Monday, July 14, 2008

The Secondary Characters of The Easter Parade (Annotation G4-5/Goddard)

In The Easter Parade, the three primary characters are the Grimes sisters, Emily and Sarah and their mother Pookie. Their portraits over the course of several years is astonishing for such a short novel, especially the girls from childhood through old age. The Emily character consumes most of the pages, and of the three she is the most interesting. The development of her character throughout her life is augmented by her relationships with some of the secondary characters. In three different stages of her life, three of these secondary characters: Walter Grimes, Jack Flanders, and Howard Dunninger help develop her character and plot.
Considering her father, Walter Grimes as a secondary character is apt for Emily's story. It's painfully clear, even early on that sister Sarah has the closer relationship to their father. As Emily matures and readies herself for University, Walter is excited for her. During their conversation, Emily discovers that her father never finished university as she had once thought. Later in life, when Walter dies, Emily discovers that Walter has been seeing women. Although her relationship with her father is not overtly negative one, she never really knew who her father was. And perhaps the aloofness with her father sets the trend with all of her relationships with men.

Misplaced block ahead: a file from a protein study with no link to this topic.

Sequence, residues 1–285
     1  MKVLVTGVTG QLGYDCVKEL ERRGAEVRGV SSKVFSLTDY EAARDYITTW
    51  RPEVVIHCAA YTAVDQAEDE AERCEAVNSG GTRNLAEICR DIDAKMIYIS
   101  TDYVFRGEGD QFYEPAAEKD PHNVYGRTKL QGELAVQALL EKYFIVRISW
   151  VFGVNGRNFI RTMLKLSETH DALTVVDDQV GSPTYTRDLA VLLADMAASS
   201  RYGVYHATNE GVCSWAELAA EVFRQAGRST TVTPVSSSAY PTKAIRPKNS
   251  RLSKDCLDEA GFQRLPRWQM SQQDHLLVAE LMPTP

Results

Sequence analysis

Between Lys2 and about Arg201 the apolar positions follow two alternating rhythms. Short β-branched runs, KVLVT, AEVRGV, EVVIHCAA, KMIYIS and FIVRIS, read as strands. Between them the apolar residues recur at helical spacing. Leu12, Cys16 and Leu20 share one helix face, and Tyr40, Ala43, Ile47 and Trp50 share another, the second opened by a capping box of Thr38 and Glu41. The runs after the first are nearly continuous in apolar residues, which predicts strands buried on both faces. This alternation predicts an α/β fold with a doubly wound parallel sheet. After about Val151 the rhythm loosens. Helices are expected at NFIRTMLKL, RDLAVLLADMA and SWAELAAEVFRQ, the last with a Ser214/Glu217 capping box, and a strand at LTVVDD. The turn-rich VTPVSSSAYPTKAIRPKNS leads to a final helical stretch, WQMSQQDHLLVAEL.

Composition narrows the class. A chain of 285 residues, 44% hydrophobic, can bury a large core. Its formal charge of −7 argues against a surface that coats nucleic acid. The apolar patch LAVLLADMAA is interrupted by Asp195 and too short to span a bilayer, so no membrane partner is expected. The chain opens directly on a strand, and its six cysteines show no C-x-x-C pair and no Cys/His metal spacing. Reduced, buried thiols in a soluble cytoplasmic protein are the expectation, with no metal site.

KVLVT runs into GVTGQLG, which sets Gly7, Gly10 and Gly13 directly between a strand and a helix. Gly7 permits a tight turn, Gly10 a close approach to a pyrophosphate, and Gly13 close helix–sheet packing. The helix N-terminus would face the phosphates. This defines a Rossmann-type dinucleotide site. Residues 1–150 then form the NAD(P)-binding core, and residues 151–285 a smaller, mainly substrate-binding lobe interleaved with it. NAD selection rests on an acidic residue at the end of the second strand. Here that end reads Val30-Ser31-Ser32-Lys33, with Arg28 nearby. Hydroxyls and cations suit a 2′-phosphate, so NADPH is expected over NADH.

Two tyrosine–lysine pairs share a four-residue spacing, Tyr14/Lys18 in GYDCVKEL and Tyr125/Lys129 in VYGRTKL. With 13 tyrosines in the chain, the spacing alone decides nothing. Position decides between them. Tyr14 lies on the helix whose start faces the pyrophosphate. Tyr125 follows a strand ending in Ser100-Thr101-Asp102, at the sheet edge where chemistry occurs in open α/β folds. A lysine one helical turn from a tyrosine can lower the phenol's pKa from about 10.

Jack Flanders, although not her first relationship, is the first relationship Richard Yates explains in detail. During her tenure in Iowa with Jack, Emily still remains somewhat distant from him. Some of this relationship highlights are a romantic rendez-vous under an oak tree and a visit to Europe, but two never seem to connect fully. Jack, although somewhat pathetic man when it comes to confidence and emotions, is ready to commit to Emily. Ultimately, Emily doesn't feel she's able to continue with Jack, and leaves him to return to New York. The relationship is telling of Emily's ability to maintain love. She opts to remain alone rather than settle. Jack remains one of these secondary characters due to the lack of his development even after years of living with Emily.
The last of these men, Howard Dunninger is similar to Emily. The two meet one another in a professional situation, and their relationship ensues almost organically. Although tender toward her, Howard is unavailable emotionally. Different from the first two examples, Emily seems able to commit to this last man. The kind Howard supports Emily emotionally by visiting her family, and offering to support her financially. However, Howard has never gotten over his estranged wife. Emily, now in her late thirties, doesn't seem to mind playing second chair to Linda. Although she expresses minor annoyances when Howard mentions Linda's name, she remains with him. Only later as Howard tells her he will be leaving to repair his relationship with his wife, Emily has a complete breakdown.
In light of these three men, these secondary characters, Yates has elegantly developed Emily's character by showing her reactions rather than simply stating her personality traits. These secondary characters pepper the entire story, and without the dozens of them, a story of the three women over the course of their lives would be flat as their interactions with each other are limited.

Yates, Richard. The Easter Parade. Picador: New York, 1976.

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